‘My fourth book, The Gloaming, will be published by Harvill Secker in May 2018. It’s a queer mermaid love story set on a remote island that slowly turns its inhabitants to stone.’ (http://www.kirstylogan.com)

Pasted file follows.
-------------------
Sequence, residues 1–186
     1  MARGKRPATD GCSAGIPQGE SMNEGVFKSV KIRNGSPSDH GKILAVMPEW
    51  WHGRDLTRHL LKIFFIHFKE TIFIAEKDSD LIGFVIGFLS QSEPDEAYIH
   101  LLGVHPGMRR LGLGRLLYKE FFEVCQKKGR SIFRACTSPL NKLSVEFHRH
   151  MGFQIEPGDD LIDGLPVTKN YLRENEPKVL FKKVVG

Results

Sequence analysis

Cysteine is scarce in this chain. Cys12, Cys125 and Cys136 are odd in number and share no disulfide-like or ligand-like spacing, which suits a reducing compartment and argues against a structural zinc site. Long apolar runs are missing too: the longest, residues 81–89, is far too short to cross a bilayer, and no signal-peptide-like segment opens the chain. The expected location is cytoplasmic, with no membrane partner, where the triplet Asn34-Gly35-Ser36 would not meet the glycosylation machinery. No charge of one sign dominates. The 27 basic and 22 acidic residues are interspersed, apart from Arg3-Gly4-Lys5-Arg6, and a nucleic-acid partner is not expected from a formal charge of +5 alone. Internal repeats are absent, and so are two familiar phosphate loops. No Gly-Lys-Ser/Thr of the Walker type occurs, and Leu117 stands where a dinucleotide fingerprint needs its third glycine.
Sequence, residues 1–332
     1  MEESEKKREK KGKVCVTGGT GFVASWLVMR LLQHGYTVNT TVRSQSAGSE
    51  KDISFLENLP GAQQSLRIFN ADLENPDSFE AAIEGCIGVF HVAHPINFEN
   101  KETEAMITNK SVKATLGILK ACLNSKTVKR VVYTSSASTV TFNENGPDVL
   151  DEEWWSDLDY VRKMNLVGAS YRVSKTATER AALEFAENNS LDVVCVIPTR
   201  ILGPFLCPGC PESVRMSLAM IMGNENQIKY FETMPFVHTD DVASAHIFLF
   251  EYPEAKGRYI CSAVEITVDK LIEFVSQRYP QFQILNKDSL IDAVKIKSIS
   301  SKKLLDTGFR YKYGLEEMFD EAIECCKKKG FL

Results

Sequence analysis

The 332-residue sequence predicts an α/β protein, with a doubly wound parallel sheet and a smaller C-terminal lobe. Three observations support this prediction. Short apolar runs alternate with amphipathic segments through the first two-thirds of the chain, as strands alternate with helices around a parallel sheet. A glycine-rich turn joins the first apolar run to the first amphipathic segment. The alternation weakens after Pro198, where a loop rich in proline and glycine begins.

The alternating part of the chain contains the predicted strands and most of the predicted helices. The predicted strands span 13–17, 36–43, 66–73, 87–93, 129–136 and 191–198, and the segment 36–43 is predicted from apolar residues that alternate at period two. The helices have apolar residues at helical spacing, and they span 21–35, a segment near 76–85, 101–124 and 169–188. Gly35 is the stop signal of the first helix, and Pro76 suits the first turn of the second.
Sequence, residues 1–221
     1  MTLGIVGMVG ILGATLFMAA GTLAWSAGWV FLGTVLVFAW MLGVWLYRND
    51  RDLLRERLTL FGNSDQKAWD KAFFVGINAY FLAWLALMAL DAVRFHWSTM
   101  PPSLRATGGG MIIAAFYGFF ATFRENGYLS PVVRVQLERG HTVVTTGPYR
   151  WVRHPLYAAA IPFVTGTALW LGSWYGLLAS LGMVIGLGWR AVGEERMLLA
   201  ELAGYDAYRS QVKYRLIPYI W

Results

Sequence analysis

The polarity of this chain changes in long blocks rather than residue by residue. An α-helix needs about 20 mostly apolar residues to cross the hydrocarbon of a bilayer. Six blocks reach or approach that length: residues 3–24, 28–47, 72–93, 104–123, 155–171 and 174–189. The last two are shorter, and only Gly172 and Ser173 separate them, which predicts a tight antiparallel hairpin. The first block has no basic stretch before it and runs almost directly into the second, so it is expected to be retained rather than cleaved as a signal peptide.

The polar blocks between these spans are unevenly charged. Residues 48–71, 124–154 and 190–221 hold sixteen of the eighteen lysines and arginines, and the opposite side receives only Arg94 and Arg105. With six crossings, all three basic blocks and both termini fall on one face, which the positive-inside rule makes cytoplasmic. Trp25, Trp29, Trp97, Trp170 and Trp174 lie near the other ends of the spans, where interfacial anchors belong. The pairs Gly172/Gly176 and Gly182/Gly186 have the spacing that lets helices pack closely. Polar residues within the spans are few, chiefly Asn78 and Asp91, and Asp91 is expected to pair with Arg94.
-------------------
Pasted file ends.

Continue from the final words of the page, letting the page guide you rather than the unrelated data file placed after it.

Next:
The next novel I read on the Hebrides was equally strange, although in a very different and (for me) less satisfying way. I chose China Mieville’s Embassytown as #14 of my 20 Books of Summer because I’ve been trying to read more SF lately, and I was intrigued by his genre-crossing works and all the accolades they’ve received. Embassytown is certainly both thought-provoking and incredibly imaginative. Set in the far future, it’s narrated by Avice Benner Cho, an ‘immerser’ who is able to travel long distances between planets and stars through the ‘immer’ without having to remain unconscious, as normal humans do. (This fascinating idea is, sadly, pretty irrelevant to the rest of the narrative, which seemed like slightly clumsy storytelling). Instead, the action is firmly confined to a single settlement that borders the world of the Ariekei, an alien race who communicate through Language. Unlike other alien tongues, Language is almost impossible for humans to speak; they can only talk to the Ariekei through the use of Ambassadors, pairs of human clones who can mimic the way the Ariekei speak through their two mouths. More significantly, however, the Ariekei cannot lie: Language only allows them to mention things that are explicitly true. This leads to trouble with similes, which must be enacted by specific humans – Avice being one of them – to be part of Language. (As a simile, Avice is honoured by the Ariekei as ‘the girl who was hurt in darkness and ate what was given to her’ and there’s some entertaining asides about other similes competing over how often they are used in Language and how important they are).